In light of recent students protests in Universities across South Africa, Friday Stand In Adam Habib discussed issues of inter-generational communication breakdown which makes it difficult to resolve current problems.
Habib spoke to Human Rights Lawyer and former Unisa Vice Chancellor Barney Pityana as well as Sizwe-Mpofu Walsh, member of the Rhodes Must Fall (RMF) campaign at Oxford University.
Both Pityana and Mpofu Walsh gave their views on the current situation in universities based on their experiences in different times.
Yes we did feel that it was necessary for there to be a new direction that needed to be taken and we were critical of what had happened before— Barney Pityana, Human Rights Lawyer and former Unisa Vice Chancellor
As far as this generation is concerned, I have a large degree of sympathy for young people today who feel that we tend to fix our expectations of young people very much on our own experiences ...— Barney Pityana, Human Rights Lawyer and former Unisa Vice Chancellor
Listen to the full conversation below:
I do not agree as some of the young people today would say, that some of the people from my generation are irrelevant to the issues of today. That can't be the case.— Barney Pityana, Human Rights Lawyer and former Unisa Vice Chancellor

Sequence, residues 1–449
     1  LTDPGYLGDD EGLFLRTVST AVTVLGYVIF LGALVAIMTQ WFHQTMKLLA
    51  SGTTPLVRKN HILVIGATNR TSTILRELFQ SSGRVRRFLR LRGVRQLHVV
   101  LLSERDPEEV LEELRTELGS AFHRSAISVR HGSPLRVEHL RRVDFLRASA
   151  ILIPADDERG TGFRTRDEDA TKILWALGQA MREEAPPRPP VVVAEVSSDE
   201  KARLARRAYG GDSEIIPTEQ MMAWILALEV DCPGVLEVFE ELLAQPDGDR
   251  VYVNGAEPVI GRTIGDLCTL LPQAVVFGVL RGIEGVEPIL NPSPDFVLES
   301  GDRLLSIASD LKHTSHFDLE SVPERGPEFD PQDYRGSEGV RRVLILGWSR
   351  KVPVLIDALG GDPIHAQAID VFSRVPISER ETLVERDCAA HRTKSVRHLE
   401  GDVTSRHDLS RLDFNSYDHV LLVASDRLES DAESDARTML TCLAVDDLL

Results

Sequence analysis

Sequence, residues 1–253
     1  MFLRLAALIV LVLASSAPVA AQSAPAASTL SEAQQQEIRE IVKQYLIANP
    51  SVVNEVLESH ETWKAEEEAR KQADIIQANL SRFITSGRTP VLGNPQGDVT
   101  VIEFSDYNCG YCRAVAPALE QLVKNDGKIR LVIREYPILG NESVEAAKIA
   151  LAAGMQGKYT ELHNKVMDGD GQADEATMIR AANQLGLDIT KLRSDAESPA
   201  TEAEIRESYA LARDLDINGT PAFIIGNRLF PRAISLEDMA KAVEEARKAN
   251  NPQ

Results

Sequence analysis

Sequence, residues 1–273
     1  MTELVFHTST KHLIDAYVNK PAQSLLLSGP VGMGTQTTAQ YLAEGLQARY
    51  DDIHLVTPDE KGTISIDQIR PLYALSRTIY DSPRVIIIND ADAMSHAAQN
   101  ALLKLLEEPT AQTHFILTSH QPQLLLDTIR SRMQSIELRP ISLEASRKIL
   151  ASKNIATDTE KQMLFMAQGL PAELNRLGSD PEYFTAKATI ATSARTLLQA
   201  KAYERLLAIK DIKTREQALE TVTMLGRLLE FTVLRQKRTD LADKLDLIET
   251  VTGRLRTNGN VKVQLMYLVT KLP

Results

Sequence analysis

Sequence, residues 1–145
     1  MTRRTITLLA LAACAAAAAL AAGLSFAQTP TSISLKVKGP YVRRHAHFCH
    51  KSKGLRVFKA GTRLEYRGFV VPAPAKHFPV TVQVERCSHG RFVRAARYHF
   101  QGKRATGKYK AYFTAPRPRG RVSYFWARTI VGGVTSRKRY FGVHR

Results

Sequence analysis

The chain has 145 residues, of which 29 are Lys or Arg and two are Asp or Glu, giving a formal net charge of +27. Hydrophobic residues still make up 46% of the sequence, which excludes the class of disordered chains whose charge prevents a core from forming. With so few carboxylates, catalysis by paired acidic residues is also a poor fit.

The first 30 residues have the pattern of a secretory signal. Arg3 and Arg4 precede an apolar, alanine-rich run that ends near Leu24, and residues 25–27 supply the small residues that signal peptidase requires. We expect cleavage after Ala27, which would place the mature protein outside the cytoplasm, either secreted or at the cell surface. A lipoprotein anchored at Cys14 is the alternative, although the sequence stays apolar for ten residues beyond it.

Pityana believes that all generations have a stake in the future of this country, and that there should be an inter-generational dialogue that is not patronising, but rather seeks to be engaging.
I don't think students should be compelled either to do as we say, or to think as we think, or to experience what we experienced. But it is important that we listen to one another.— Barney Pityana, Human Rights Lawyer and former Unisa Vice Chancellor
Sizwe-Mpofu Walsh on the other hand agrees with Pityana that there should be a dialogue. However, the dialogue should start from a place of humility.
For young students, sure they have made some mistakes. Sometimes we can transgress the limits but in my view it is really the students that needs to be listened to.— Sizwe-Mpofu Walsh, member of the RMF campaign at Oxford University
What we do need is the imagination, creativity and the boldness to imagine that young people in our society are actually pointing a way forward in a very chaotic and organic way. I think we need to be listening very carefully to their messages— Sizwe-Mpofu Walsh, member of the RMF campaign at Oxford University